Researchers of IIT Hyderabad help find evidence to humming of universe

The relentless cacophony of gravitational waves from a large number of supermassive black hole pairs creates a persistent humming of our universe. Image courtesy: Margarita Balashova / iStock

New Delhi: A team of researchers from IITH has published results from monitoring pulsars, nature's best clocks, using six of the World's most sensitive radio telescopes, including India's largest telescope uGMRT which provide a hint of evidence for the vibrations of the fabric of the universe.

This team of IIT Hyderabad is a part of an international team of astronomers from India, Japan, and Europe.

According to the IIT, these results provide a hint of evidence for the relentless vibrations of the fabric of the universe, caused by ultra-low frequency gravitational waves.

Such waves are expected to originate from a large number of dancing monster black hole pairs, crores of times heavier than our Sun.

The team's results are a crucial milestone in opening a new, astrophysically-rich window in the gravitational wave spectrum. The research team said that such dancing monster black hole pairs, expected to lurk in the centres of colliding galaxies, create ripples in the fabric of our cosmos, and astronomers call them nano-hertz gravitational waves as their wavelengths can be many lakhs of crores of kilometres.

The relentless cacophony of gravitational waves from a large number of supermassive black hole pairs creates a persistent humming of our universe.

The team, consisting of members of the European Pulsar Timing Array (EPTA) and Indian Pulsar Timing Array (InPTA) consortia, published their results in two papers in the Astronomy and Astrophysics journal, and their results hint at the presence of such gravitational waves in their data set. These results include an analysis of pulsar data collected over 25 years with six of the world's largest radio telescopes, the research team added.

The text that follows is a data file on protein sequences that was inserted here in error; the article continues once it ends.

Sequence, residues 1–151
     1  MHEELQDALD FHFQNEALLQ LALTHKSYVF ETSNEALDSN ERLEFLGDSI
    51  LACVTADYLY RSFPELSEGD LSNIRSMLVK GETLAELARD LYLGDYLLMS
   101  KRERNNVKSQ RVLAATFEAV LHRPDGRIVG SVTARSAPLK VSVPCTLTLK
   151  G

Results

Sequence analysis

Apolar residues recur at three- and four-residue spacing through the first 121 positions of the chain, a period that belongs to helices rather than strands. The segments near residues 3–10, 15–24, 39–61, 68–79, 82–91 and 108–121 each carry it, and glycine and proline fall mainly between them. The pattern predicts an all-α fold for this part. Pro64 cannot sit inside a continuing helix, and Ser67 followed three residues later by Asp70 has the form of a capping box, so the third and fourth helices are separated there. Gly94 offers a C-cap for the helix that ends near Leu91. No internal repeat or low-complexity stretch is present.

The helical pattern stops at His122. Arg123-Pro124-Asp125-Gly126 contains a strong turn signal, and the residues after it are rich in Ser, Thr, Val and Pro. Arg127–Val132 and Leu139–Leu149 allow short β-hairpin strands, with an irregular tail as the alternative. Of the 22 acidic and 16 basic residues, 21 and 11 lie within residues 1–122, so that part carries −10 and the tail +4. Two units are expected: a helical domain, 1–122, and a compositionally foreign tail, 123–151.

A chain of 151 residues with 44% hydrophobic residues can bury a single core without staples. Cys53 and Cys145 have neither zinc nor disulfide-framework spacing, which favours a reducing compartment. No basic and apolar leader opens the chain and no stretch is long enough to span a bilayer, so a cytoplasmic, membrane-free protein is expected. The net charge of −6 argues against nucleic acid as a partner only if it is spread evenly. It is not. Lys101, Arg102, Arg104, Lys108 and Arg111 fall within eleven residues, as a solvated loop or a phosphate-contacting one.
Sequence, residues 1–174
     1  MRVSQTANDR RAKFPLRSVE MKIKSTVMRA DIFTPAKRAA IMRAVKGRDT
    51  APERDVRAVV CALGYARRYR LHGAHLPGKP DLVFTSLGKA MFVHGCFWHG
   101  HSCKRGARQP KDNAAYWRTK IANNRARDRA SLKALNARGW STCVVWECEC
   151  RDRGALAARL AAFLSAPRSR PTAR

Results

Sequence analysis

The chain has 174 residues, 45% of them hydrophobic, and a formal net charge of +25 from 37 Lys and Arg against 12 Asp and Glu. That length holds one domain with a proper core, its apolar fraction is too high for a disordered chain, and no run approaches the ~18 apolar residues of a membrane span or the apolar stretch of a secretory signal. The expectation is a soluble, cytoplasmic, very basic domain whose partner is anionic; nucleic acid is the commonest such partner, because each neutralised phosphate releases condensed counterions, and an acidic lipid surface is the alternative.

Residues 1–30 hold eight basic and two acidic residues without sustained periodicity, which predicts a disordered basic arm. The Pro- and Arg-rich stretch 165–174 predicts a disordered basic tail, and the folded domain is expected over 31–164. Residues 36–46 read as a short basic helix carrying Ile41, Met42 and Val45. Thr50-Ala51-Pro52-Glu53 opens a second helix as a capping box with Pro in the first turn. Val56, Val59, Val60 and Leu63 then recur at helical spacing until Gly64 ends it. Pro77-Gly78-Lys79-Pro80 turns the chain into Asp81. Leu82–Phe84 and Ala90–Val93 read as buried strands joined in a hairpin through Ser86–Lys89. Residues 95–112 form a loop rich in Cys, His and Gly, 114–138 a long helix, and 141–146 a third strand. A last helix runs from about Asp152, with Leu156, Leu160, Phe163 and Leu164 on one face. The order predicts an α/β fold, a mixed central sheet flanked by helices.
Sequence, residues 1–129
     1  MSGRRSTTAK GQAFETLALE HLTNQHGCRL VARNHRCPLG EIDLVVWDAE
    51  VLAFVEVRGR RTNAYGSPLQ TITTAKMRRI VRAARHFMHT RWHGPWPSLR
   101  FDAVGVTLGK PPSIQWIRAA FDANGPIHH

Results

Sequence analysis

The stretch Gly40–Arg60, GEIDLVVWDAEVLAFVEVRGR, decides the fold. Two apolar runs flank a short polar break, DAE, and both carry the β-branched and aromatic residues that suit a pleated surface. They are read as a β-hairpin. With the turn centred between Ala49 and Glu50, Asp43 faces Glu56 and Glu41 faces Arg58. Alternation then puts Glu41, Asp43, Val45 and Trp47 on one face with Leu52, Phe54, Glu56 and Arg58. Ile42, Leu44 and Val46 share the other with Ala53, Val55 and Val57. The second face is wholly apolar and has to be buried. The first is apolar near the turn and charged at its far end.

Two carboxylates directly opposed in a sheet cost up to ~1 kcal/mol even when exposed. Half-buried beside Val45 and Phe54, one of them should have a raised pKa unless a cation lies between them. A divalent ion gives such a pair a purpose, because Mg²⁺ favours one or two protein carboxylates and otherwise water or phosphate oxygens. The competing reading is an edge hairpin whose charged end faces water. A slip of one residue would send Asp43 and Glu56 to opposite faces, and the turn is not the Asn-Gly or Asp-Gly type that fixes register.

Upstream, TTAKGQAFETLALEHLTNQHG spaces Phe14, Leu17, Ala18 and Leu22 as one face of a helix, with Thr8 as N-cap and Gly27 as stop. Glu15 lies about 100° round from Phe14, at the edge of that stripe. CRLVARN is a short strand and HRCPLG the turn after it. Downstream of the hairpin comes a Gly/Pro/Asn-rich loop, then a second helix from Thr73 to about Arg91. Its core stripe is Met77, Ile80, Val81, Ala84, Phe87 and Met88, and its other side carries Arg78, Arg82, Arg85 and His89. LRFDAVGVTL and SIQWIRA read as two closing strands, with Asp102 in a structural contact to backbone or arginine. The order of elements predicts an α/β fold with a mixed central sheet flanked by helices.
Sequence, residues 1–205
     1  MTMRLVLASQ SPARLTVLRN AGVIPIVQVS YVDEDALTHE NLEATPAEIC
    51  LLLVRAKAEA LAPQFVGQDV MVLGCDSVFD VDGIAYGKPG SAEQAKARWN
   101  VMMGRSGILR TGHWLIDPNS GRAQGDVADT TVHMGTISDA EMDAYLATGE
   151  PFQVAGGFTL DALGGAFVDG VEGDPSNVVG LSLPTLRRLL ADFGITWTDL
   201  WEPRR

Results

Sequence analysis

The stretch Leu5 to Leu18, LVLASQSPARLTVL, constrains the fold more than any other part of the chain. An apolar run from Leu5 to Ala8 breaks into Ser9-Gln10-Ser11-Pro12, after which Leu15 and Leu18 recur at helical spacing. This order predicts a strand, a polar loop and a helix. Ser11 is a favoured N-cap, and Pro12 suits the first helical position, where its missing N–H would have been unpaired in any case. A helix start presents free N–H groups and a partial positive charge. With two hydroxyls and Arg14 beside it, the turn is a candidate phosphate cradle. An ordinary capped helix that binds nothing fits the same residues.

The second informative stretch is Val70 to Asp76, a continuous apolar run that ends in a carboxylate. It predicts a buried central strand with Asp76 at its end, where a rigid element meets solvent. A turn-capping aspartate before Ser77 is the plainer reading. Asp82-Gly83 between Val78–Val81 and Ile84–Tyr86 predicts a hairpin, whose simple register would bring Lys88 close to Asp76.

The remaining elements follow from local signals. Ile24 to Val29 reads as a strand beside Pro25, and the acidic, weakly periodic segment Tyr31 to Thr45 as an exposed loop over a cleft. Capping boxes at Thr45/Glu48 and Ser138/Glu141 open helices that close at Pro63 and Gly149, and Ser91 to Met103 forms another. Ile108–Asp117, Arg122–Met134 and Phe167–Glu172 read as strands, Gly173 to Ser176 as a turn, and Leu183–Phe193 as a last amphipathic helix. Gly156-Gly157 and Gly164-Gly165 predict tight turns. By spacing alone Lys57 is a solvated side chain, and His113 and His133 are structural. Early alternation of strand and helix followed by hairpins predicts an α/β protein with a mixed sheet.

Emphasizing the importance of this result and IITH's contribution, Prof B. S. Murty, Director, IITH, said, "Congratulations to the InPTA collaboration and the IITH team involved in this discovery. I am delighted that the state-of-the-art NSM Param Seva computing facility at IITH has helped to create these path-breaking results. This achievement also underscores the power of collaboration in attaining scientific benchmarking results."

The IITH team, which took part in this discovery consists of Dr Shantanu Desai, faculty in the Department of Physics and Department of AI, Aman Srivastava, Physics PhD student, Divyansh Kharbanda (2023 BTech graduate in Engineering Physics), Swetha Arumugam (rising BTech senior in EE). Pragna Mamdipaka, is also part of InPTA and is playing an active role in ongoing InPTA efforts.

"I am elated that IITH students from both Physics and Electrical Engineering could be part of this historical discovery. These results are due to many years of painstaking efforts from many scientists. I am grateful for the support received from IITH. In particular, the results could not have been possible without the NSM (National Supercomputing Mission) facility Param Seva installed at IIT Hyderabad," said Prof Shantanu Desai, IITH.

The InPTA experiment involves researchers from NCRA (Pune), TIFR (Mumbai), IIT (Roorkee), IISER (Bhopal), IIT (Hyderabad), IMSc (Chennai) and RRI (Bengaluru) along with colleagues from Kumamoto University, Japan.

IITH said that this combined IPTA data set is expected to be more sensitive, and scientists are excited about the constraints they can place on the GWB (Gravitational Wave Background) along with understanding various other phenomena that may have taken place when the Universe was in its infancy, just a few seconds old, which can also produce gravitational waves at these astronomically long wavelengths.

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